PALM BEACH, FL – It seems that Google, the world’s most popular search engine, is determined to do away entirely with URLs in its search engine, no doubt further increasing its position in, and not to mention, the value itself of “alternative URLs” by completely removing a person’s ability to subconsciously decide whether a site is trustworthy based on the URL itself.
I touched on this topic back in September 2018 when I wrote “EVIL: Will Google Do Away with Domain Name and Extension Entirely Anyway?” Well, they are at it again, messing around with URLs. It could be called a new gTLD registries wet dream. Can you say, “Charleston Road Registry?”
According to Search Engine Journal, Google is again testing search results without URLs. This was first spotted by a Reddit user who shared a screenshot:
Here is what one Reddit user had to say about the change:
This is going to normalize the perception of users between traditional tld’s and modern tld’s because they cant subconsciously decide whether or not to click on something based on the perceived trustworthiness of the URL. I think that fundamentally it is a good thing for new domains trying to get into a niche. this is going to devalue the perceived “vanity” of any particular url, which is good in a climate where basically any URL is taken.”
As suggested in the Search Engine Journal article:
“We may be looking at the beginning of the end for URLs in search results.”
About The Author: John Colascione is Chief Executive Officer of Internet Marketing Services Inc. He specializes in Website Monetization, is a Google AdWords Certified Professional, authored a ‘how to’ book called ”Mastering Your Website‘, and is a key player in several Internet related businesses through his search engine strategy brand Searchen Networks®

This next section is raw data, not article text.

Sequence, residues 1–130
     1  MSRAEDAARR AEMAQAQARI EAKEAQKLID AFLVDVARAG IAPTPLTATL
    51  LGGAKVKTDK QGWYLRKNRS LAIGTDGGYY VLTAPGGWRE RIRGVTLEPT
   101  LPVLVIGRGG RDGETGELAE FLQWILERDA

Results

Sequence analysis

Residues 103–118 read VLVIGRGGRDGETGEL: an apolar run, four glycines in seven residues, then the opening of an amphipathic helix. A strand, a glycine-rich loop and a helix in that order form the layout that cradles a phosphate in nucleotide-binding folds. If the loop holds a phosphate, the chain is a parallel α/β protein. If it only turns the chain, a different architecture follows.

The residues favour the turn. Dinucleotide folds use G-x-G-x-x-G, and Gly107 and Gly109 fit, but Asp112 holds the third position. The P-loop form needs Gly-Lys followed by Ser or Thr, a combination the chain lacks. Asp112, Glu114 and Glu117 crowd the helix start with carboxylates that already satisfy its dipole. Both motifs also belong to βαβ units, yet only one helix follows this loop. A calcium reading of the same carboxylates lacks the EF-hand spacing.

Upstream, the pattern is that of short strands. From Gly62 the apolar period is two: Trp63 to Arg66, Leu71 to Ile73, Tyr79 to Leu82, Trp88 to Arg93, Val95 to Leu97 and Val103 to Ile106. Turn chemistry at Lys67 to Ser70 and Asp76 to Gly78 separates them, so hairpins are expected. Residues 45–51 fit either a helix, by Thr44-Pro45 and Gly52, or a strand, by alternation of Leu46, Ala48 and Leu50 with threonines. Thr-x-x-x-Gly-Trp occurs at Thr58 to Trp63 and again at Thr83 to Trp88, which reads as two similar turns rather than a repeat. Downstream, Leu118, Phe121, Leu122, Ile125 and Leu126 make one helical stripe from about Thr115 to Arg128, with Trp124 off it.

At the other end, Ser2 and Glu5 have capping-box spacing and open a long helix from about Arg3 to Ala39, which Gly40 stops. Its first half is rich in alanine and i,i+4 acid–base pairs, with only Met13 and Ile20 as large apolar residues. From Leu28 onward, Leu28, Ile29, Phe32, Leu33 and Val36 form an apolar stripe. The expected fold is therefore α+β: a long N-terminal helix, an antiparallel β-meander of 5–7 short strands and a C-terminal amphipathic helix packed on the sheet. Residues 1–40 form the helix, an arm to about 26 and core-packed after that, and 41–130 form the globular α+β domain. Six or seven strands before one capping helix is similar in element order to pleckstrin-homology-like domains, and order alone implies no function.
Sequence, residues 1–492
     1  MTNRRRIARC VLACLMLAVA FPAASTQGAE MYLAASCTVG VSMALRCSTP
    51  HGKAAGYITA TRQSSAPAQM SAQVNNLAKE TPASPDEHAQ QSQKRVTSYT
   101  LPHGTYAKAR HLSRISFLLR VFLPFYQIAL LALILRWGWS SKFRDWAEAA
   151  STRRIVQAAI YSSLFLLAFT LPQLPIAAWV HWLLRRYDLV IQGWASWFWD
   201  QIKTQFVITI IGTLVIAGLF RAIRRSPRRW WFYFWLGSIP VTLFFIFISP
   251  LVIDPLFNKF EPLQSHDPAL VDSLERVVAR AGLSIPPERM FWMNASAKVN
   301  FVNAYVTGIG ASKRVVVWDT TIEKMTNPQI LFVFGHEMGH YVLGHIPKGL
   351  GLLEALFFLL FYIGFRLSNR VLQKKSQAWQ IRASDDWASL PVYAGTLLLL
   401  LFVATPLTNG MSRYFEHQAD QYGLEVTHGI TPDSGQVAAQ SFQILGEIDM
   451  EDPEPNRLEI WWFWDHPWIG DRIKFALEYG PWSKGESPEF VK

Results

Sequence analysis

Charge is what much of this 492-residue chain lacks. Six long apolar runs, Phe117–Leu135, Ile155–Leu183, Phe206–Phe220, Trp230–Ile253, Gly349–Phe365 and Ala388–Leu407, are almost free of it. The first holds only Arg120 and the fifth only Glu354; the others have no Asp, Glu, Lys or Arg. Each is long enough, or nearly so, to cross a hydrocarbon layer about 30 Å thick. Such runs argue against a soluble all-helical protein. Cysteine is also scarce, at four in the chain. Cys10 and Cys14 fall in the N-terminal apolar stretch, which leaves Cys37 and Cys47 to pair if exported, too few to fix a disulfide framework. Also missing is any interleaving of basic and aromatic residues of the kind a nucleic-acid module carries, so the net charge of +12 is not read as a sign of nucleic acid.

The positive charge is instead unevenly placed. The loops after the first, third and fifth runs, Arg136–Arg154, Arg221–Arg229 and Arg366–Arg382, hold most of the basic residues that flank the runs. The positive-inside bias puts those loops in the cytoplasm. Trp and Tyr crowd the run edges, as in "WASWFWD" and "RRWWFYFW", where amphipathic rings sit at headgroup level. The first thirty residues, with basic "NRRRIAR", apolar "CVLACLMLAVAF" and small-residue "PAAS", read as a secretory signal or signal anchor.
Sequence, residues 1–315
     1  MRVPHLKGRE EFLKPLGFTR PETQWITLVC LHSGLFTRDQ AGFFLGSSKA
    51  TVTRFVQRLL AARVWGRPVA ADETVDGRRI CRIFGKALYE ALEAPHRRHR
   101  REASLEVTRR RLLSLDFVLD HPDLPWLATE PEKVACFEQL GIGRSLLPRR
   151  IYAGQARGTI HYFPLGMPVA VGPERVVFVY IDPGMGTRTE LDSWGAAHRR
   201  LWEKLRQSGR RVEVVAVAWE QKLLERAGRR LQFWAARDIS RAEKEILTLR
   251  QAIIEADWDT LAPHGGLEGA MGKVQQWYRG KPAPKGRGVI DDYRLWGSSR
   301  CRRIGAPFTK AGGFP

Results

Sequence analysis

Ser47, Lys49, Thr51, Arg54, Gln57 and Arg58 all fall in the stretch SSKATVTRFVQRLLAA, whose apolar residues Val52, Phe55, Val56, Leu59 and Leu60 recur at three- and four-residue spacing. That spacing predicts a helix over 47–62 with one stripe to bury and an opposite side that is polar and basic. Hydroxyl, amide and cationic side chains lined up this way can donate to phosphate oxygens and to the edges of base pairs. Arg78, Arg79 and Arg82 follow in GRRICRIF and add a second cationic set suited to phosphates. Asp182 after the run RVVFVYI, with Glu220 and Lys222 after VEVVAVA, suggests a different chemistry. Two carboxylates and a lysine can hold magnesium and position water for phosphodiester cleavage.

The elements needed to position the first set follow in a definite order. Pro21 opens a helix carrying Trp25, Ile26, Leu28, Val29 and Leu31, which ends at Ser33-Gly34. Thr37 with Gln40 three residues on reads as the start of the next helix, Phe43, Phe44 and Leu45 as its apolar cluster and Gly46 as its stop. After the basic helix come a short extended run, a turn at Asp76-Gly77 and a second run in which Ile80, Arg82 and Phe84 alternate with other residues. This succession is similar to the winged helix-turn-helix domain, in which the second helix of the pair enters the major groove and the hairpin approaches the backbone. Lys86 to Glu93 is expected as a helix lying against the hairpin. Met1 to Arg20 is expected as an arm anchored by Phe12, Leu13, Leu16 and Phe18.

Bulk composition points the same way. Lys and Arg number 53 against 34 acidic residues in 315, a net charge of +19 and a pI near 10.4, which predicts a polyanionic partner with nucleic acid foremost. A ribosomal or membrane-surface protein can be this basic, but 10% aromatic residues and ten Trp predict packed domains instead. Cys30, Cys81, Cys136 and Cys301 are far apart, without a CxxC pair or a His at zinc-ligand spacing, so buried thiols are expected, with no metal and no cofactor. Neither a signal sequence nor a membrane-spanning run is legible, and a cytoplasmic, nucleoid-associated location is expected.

Michael Anthony Castello says
Maybe in Chrome they will do away with addresses. The main question is how will advertisers using legacy media get customers to their website? Their brand address Is their advantage. It gives them independence from being dependent on Google. They’ve attempted this nonsense before.
Mark Thorpe says
Well if that becomes the case we will have to put the URL in the title and description. Google acts we react:)
Now it seems like you can and cant trademark a domain name. That said i wonder if competitors and shady websites can also put someone else’s Domain name in their title?
On one of my premium domain names i have a few people on Facebook and twitter using my domain name in their title, etc. Probably for search engine purposes but they are Misleading users to think they are the owners.
As for SEM such as adworda i thinj like Rick says its going to be a clusterfuc#.
P.S Michael you are a good man.
Russian Troll says
Doing that they may give a huge advantage to their competitors. Competition is great.
Google wants to DESTROY DNS. They want a mobile app world, so everything is hosted by them, google cloud servers. The internet is becoming more decentralized by the day <-bad for company like google. They will fail in this endeavor of trying to DE-LEGITIMIZE the extension however, again, they're on a quest to kill DNS!
Michael Anthony Castello says
@Jay, Google will try to undo the brilliance of what Jon Postel did-allowing memorable names to sit on top of IP which promotes direct navigation. In the past IP were also allowed to be indexed in Google.. No longer. Now they are going after domain names.
Here is an article about the late Jon Postel. I also want everyone to see what Google does to the source address when I searched. They hijack it.
M. Menius says
This is a detriment to content publishers & website owners. LinkedIn does this too framing all external links within their environment. There seems to be no easy way to tame these big tech companies. I want clarity in the search engine result by always displaying the url.
Bob McGough says
Visibility of the domain name is important for both Marketing and Security reasons.
At minimum, the browser should display the DN when rolling over the link. In today’s world, one doesn’t know if the TLD is .tk or .com. That’s a critical distinction.
The user should always retain the choice of whether the DN is visible in their browsers Preferences.
Jovenet Consulting says
New gTLDs are an added value when seeing a domain name in a search engine prior to clicking. I mean that a URL ending in “.rugby” has more chances to be about Rugby than a “.com”. It is common sense and I hope Google adapts its algorithm someday